How is ‘the cloud’ transforming business?
What is the cloud?
The cloud. Not the big, white, fluffy thing in the sky, but the technology that has found itself at the heart of many businesses. We can’t hear it, see it, or feel it. In fact, few of us actually know where it is.
However, our data lives there, and its capacity to hold on to every little thing we do is beyond our understanding. According to a recent report, around 83% of all data centre traffic will be based in the cloud within the next three years. That is a lot of data.
So with all this data floating about, what does this mean for the people on the ground?
Is it really the ‘Business solution’ everyone claims it to be? Let’s take a closer look…
Manufacturing the cloud
If there is one area where cloud technology is always labelled a “game-changer”, it’s manufacturing. This is unsurprising when you think about all the data manufacturers have to deal with on a daily basis. Cloud computing could seem like the best solution for a difficult challenge.
Knowing what is going on, or not going on, within a manufacturing supply chain is essential. Visibility has been a common concern for manufacturers in recent years, with 40% saying they lacked visibility in their supply chain. Of those surveyed, 36 % suggested their lack of visibility in their supply chains was due to inadequate IT systems.
In steps the cloud.
At the heart of all manufacturing is the need for efficiency. Cloud technology can provide a way to manage everything from the office to the shop floor operations, ultimately collate and define the right data and standards, as well as identify the problems before they even arise – all that the touch of a button.
And don’t even get us started on how it can manage the manufacturing costs…
Banking on the cloud
Traditionally, the banking and finance sector has been one of the most reluctant to embrace new technologies. With security the top concern, you can see why they may hang back when it comes to trying something new.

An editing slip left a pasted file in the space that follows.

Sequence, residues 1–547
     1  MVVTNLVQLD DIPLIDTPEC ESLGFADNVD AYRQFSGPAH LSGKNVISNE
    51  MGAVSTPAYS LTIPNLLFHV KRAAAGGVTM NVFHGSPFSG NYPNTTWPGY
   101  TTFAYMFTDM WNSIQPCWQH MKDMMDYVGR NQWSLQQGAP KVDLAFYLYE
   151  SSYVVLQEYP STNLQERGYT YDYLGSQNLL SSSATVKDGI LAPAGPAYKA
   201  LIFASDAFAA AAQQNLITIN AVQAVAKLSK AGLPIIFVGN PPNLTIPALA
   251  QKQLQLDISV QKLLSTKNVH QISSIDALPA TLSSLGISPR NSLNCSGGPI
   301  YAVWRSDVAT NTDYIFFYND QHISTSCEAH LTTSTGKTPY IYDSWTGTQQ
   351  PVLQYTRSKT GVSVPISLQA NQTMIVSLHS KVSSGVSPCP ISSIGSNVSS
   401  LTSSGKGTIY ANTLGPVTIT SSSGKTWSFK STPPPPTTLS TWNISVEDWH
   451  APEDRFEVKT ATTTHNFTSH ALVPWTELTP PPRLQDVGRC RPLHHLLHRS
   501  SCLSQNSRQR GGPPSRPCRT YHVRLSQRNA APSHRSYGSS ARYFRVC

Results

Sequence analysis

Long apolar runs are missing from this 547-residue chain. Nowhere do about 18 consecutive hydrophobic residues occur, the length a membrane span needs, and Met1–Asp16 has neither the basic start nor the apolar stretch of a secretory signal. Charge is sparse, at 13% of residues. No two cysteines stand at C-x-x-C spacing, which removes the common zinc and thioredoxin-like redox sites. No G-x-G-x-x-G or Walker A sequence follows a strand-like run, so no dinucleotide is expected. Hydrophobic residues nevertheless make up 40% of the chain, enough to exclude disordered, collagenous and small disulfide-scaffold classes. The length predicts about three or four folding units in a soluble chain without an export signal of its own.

However, fast forward a few years, and the way we bank has changed completely. Non-bank payment sources are on the rise and cloud technology has found a new home.
While it offers all the usual cost-saving and flexibility benefits, the cloud also offers banking to improve customer service. At a time when new online-only banks are popping up, and physical banks are closing, the focus has moved on to hanging on to the customer.
Cloud technology can make new products and services easier to develop and launch, and boost computing power to meet demand peaks, meaning customers are served faster. Corporate clients are also able to access bank systems anywhere, anytime, making them much more efficient and happier.
Plus the access to big data, combined with unlimited computing power, can enable banks to access more insightful information on their clients and be able to make better decisions for them, and customise their services to meet their needs.
More exciting are the possibilities for improving transaction banking between buyers and sellers. Processing payments, particularly for small business clients, can be inefficient. They have used different technology, however, shared applications in the cloud offer a new payment solution.
The relationship between cloud technology and banking will get stronger. In fact, we’d put money on it.
Anyone who’s ever had to wait for medical test results knows it can be incredibly stressful. However, cloud technology could now help significantly reduce it, or even provide answers in real-time.